We took our family pictures ourselves and I’m actually really pleased with how they turned out! I was really worried and I admit it was a little stressful not having a photographer managing us and getting the attention of our children, I’m still so glad we tried it by ourselves and saved the money. Don’t get me wrong, if we’d had the money at the time I would pay it in a heartbeat! I love professional pictures SO much and I really think they are priceless.
Thought I would share just a few of my favorites–and show you just how big my kids have grown!
(some of the pictures I edited a copy to have a matte finish, and some I left. I couldn’t decide which I liked better).
My little tips I’ve learned over the years that I want to remember:
- Wardrobe: Taking family pictures doesn’t need to cost a lot of money. Look in your closets first for clothing that will work. Ask friends if you can borrow items of clothing, especially for kids. I’ve done that nearly every time, sometimes just a pair of cute heels my friend owns, or jeans for my son that are the right color (Dev is wearing a friend’s jeans because I wanted to incorporate more of that caramel color). Maybe sew a couple items if you leave yourself time to prepare for that. Layers are always great, as well as different textures. I used THIS fur vest I made for Ruby a while back, and whipped up a quick dress for her using amazing quilted heart fabric from Joann. I made Bailey’s skirt out of a shirt I had and crocheted her cowl scarf. Super easy. That being said, because we weren’t hiring a photographer, I did feel it was ok to buy a couple items of clothing for us to wear and coordinate a little better. And honestly for pictures I think it’s worth it so the end result just looks better.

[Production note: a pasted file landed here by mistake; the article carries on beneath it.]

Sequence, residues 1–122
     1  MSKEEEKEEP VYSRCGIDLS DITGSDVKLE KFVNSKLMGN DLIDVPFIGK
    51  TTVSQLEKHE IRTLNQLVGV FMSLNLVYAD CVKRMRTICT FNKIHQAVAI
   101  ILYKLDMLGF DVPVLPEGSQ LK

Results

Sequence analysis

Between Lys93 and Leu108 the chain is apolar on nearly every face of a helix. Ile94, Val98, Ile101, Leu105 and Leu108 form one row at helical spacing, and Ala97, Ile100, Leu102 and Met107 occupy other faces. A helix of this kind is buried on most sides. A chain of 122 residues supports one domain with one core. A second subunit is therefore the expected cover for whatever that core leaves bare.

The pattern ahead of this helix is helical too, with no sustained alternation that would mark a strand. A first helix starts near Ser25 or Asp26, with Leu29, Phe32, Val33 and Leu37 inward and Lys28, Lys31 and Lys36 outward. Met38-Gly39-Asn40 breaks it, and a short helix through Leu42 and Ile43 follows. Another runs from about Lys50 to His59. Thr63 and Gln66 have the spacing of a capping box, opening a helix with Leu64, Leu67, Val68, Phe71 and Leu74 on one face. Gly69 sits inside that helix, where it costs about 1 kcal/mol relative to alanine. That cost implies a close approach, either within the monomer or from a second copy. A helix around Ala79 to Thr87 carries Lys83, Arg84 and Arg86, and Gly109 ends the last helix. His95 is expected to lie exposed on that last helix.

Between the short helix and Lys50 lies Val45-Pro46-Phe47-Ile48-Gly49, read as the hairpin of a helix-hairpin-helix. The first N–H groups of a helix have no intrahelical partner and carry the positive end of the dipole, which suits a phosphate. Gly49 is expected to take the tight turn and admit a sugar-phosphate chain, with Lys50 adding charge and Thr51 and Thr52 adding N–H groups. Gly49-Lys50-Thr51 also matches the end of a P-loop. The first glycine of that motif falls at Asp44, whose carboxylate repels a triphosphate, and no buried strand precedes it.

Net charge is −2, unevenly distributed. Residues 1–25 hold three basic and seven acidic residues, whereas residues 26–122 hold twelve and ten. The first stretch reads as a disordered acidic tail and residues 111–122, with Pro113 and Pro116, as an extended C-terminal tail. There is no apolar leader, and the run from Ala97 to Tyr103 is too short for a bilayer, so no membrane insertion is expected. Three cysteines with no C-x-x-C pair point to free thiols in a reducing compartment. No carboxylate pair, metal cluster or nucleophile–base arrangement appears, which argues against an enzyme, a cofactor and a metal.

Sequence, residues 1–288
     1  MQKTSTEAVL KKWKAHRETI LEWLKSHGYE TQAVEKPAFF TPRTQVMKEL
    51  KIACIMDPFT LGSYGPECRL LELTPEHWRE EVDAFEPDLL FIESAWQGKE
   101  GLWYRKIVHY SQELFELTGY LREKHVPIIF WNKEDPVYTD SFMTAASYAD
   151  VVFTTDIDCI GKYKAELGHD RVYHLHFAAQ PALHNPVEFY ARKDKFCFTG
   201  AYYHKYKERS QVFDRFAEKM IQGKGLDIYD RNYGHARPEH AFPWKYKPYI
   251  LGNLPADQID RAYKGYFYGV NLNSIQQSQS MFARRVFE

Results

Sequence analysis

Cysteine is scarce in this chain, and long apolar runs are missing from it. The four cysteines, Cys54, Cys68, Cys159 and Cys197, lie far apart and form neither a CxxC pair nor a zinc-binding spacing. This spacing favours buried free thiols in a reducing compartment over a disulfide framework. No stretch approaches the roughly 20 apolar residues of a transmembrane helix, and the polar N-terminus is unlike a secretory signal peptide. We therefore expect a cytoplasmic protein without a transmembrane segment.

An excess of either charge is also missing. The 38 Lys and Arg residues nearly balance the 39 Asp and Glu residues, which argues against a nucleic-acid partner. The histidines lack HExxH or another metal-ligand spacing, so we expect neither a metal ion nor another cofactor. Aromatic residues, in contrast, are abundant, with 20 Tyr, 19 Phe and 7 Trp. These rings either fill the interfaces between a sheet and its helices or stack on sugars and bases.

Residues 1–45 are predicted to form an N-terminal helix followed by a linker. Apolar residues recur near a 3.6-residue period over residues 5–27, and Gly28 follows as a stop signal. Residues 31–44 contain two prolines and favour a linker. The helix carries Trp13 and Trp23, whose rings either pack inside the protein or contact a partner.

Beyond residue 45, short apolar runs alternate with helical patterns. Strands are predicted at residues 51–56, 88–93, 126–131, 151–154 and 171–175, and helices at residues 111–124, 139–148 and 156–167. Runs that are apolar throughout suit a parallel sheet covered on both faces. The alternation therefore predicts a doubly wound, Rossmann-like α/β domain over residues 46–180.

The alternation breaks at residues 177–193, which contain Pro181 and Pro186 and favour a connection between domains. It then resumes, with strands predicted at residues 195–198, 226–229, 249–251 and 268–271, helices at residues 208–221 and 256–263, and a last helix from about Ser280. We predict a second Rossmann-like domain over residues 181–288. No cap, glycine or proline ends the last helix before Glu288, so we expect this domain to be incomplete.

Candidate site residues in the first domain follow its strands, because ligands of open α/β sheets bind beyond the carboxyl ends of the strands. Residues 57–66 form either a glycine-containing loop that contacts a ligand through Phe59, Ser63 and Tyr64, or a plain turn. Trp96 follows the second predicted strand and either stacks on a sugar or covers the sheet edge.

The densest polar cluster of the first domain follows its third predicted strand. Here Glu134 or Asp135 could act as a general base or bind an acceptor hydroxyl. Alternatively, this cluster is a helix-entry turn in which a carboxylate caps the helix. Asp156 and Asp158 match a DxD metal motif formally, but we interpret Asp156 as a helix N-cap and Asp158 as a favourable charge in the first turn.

- Use a remote + the self-timer + tri-pod: We took a LOT of pictures, because sometimes you take fifty and only one turns out. I really think a remote for your camera is the best way to go. They are relatively inexpensive and you can still use your camera delay time. I had my self timer set on 3 seconds, so I had time to hide the remote and didn’t need to run back and forth. I use THIS one (affiliate link) for my Nikon 3100. It works great.
- Periodically check the pictures. I would have everyone get in the frame and arrange, then jump in. I didn’t check if they were turning out after every picture was taken, but rather in batches. When I noticed people were moving around more or we were shifting (very likely when you have a two year old who bolts after every picture), I’d check to make sure we were all in the frame. It wasn’t until I checked a batch of pictures that I noticed my 12 year old was pulling some super funny faces on purpose. They are fun to have, but it was a good thing I checked because I could tell him to knock it off.
- Keep it to just one location. I think one location is great. But we were on the hunt for a perfect Christmas card and drove up the canyon. It was cold, it was windy, and we never did find the perfect backdrop of pine trees I was hoping for. The location in the pics was one I had picked out before, was much closer to home, and I knew was beautiful already. Plus it was just the right amount of overcast for great lighting.
- Have fun. I talked beforehand with my husband, letting him know I was a little bummed we weren’t hiring the photographer I had wanted, and so if we could just agree to try and not be stress buckets and have fun with the kids, then it would all work out. And it did. For the most part we were having fun, laughing and Ruby’s funny faces and antics, letting our boys goof off and the kids run around. And now I have a folder full of perfectly imperfect pictures that I’m soooo thankful to have because they capture our family just how we are.